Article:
The present invention provides a new and improved elastomeric bearing assembly that utilizes a unique construction to permit the ease of starting the propeller shaft after a prolonged rest while simultaneously taking advantage of the unique properties of the rubber bearing surface under wet conditions to facilitate the support of the shaft and thus providing a very low coefficient of friction under either operating conditions. When rotating a metal shaft in a fluid lubricated bearing assembly, a pocket of fluid is formed at the lower portions of the supported shaft where the shaft comes into contact with spaced flat adjacent surfaces of the rubber surfaces. Such pockets of fluids when formed act as water wedges and raise the shaft from the elastomeric shaft interfaces and provide lubrication to the shaft. The present invention enhances the hydraulic fluid pocket while utilizing a low friction material upon which the propeller shaft can rest during start up. The unique structure enhances both features while retaining a cost effective structure and also reduces power consumption.
The present invention is directed to a new and improved bearing assembly having a rigid non-metallic outer shell supporting a plurality of circumferentially spaced staves wherein each stave is constructed from a semi-rigid material such as an ultra high molecular weight polyethylene which is bonded to an inner strip of an elastomer. Each elastomeric strip is recessed along its longitudinal length, which recess receives a thin layer of a low friction material such as TeflonŽ or ultra high molecular weight material. The upper bearing surface of the thin layer is lower than the upper adjacent surfaces of the elastomeric strip in which such thin layer is mounted.
FIG. 1 is a fragmentary side elevational view of a strut and bearing assembly for supporting a rotatable shaft such as a propeller shaft with a portion of the housing and bearing assembly broken away to illustrate the bearing assembly;
FIG. 2 is an enlarged front elevational view of the strut and bearing assembly taken on line 2--2 of FIG. 1 with a portion of the cap broken away as well as the outer shell to illustrate the relationship of the bearing elements and the shaft;
FIG. 3 is a further enlarged cross sectional view taken of a single bearing strip or stave on line 3--3 of FIG. 2;
FIG. 4 is a perspective view of a portion of a single bearing strip taken on line 4--4 of FIG. 3;
FIG. 5 is an enlarged cross-sectional view of a portion of the propeller shaft and a single bearing strip in a non running condition;
FIG. 6 is an enlarged cross-sectional view of a portion of the propeller shaft and a single bearing strip in a running condition.
The invention according to a presently preferred embodiment will be described with reference to the accompanying drawings wherein like reference numerals designate like or corresponding parts throughout the several views. There is shown in FIG. 1 a longitudinally extending bearing housing 10 supported by a strut 11. Housing 10 has a pair of spaced annular end surface 12, with threaded bores 13 extending into the housing. The housing 10 has a central bore 14 to accommodate a bearing unit to be described. The bearing unit has an outer cylindrical shell 15 which receives a plurality of circumferentially spaced bearing staves 16. Each stave 16 includes a rectangular bearing support element or backing support 17 made from a high quality non-corroding, ultra high molecular weight polyethylene. Suitably bonded to each support bearing element 17 is an elastomeric bearing element 18.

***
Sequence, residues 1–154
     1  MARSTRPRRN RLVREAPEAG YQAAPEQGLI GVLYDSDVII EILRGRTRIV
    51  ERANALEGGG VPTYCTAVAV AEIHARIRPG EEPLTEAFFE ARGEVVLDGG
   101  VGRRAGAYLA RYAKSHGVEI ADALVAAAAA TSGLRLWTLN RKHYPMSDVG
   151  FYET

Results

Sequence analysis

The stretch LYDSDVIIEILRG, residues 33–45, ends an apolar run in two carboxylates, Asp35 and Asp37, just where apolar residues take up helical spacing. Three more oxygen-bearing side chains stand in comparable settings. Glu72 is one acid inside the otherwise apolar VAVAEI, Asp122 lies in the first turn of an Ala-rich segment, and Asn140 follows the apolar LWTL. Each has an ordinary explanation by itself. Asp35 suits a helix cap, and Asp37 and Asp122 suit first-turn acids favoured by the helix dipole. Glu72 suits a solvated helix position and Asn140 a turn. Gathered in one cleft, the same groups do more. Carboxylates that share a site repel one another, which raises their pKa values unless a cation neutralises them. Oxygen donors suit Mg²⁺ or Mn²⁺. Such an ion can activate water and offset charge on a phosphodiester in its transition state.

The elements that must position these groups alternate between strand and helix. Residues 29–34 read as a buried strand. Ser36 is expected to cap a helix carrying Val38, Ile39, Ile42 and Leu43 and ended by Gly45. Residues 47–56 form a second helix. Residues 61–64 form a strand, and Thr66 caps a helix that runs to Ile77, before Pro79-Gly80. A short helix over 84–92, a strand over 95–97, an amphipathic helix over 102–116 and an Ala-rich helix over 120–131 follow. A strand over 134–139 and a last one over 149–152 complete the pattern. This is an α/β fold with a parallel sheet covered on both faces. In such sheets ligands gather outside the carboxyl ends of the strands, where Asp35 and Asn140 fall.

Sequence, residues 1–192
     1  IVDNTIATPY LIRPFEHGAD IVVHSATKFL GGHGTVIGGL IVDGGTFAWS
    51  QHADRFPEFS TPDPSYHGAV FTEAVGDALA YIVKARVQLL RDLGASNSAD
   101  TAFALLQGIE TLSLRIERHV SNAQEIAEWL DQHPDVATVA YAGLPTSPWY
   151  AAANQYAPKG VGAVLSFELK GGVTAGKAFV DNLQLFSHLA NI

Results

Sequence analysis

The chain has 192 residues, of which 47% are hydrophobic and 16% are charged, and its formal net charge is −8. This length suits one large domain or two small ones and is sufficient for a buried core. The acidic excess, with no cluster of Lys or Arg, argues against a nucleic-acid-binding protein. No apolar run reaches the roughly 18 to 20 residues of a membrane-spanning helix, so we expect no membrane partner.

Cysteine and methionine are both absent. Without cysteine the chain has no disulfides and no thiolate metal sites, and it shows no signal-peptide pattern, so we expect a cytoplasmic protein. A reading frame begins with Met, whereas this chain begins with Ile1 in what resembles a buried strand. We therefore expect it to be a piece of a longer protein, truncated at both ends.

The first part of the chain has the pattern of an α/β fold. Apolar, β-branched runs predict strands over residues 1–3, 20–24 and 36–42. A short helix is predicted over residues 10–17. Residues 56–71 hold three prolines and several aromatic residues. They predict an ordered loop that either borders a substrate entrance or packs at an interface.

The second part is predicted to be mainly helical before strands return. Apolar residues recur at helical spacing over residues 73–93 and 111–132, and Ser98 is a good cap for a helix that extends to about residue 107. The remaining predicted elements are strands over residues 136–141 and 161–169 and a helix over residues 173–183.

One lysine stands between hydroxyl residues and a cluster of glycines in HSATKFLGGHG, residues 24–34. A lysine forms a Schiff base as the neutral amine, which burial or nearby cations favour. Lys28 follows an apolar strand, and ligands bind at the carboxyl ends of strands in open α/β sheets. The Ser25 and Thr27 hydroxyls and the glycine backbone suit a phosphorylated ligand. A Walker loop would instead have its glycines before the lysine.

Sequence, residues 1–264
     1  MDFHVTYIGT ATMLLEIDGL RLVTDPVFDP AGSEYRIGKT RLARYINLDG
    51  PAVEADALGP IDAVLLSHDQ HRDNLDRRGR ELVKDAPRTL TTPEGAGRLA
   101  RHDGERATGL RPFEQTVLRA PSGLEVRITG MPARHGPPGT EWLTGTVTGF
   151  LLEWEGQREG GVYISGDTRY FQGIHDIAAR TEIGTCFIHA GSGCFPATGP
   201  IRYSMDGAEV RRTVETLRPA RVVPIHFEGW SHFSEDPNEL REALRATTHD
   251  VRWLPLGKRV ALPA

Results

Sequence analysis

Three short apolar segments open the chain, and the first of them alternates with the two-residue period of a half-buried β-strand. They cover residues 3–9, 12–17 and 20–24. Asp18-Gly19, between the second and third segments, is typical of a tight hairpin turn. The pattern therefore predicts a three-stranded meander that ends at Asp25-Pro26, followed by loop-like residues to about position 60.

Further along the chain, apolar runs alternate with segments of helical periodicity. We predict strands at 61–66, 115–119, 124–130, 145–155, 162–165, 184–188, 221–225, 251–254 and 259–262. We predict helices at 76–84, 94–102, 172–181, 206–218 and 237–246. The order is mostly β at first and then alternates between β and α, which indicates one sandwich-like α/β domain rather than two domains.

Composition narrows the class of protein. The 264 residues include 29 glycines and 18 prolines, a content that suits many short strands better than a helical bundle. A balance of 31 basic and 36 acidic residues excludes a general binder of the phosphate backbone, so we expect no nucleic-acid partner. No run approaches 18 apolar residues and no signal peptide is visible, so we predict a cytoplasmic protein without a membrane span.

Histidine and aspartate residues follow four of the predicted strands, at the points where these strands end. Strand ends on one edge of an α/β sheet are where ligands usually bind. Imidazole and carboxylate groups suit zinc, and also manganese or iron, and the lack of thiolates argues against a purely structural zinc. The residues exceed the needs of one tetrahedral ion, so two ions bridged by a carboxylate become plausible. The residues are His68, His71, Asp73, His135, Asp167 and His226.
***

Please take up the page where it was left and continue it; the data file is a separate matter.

An elastomer is defined as a substance that can be stretched at room temperatures to at least twice its original length and, after having been stretched and the stress removed, returns with force to approximately its original length in a short time (see Glossary of Terms as prepared by ASTM Committee D11 on Rubber and Rubberlike Materials published by the American Society for Testing Materials).
The elastomeric or rubber material that can be used can be any of the well known elastomers including for example natural rubber, copolymers of butadiene and acrylonitrile, copolymers of butadiene and styrene, copolymers of butadiene and alkyl acrylates, butyl rubber, olefin rubbers such as ethylene-propylene and EPDM rubber, fluorocarbon rubbers, fluoroisilicone rubbers, silicone rubbers, chlorosulfonated polyethylene, polyacrylates polybutadiene, polychloroprene and the like. Each elastomeric bearing element 18 has a groove or depression 20 which receives a relatively thin layer or strip 21 of low friction material such as TeflonŽ or ultra high molecular weight polyethylene. The uppermost surface 22 of the low friction layer or strip 21 is lower relative to the smooth adjacent surface of elastomeric bearing element 18 as clearly depicted by FIGS. 3 and 4. The layer 21 of low friction material is located along center of each bearing element 18 and is approximately one-third of the width of such element 18. In plan view, each elastomeric bearing element is substantially rectangular in shape with the low friction layer 21 extending along its longest length for reasons to be described.